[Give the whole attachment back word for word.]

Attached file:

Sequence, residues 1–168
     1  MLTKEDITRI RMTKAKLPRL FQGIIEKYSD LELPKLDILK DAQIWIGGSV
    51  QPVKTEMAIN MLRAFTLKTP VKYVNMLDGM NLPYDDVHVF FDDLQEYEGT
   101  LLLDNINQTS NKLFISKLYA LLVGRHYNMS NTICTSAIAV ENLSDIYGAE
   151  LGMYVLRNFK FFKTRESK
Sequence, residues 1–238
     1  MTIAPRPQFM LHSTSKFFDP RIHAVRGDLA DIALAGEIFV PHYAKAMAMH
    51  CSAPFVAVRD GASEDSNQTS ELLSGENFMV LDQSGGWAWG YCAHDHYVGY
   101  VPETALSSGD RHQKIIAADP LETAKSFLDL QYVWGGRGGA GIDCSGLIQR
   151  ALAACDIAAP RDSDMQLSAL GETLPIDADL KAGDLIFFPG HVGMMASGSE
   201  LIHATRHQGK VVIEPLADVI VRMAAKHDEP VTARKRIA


Sequence, residues 1–168
     1  MLTKEDITRI RMTKAKLPRL FQGIIEKYSD LELPKLDILK DAQIWIGGSV
    51  QPVKTEMAIN MLRAFTLKTP VKYVNMLDGM NLPYDDVHVF FDDLQEYEGT
   101  LLLDNINQTS NKLFISKLYA LLVGRHYNMS NTICTSAIAV ENLSDIYGAE
   151  LGMYVLRNFK FFKTRESK
Sequence, residues 1–238
     1  MTIAPRPQFM LHSTSKFFDP RIHAVRGDLA DIALAGEIFV PHYAKAMAMH
    51  CSAPFVAVRD GASEDSNQTS ELLSGENFMV LDQSGGWAWG YCAHDHYVGY
   101  VPETALSSGD RHQKIIAADP LETAKSFLDL QYVWGGRGGA GIDCSGLIQR
   151  ALAACDIAAP RDSDMQLSAL GETLPIDADL KAGDLIFFPG HVGMMASGSE
   201  LIHATRHQGK VVIEPLADVI VRMAAKHDEP VTARKRIA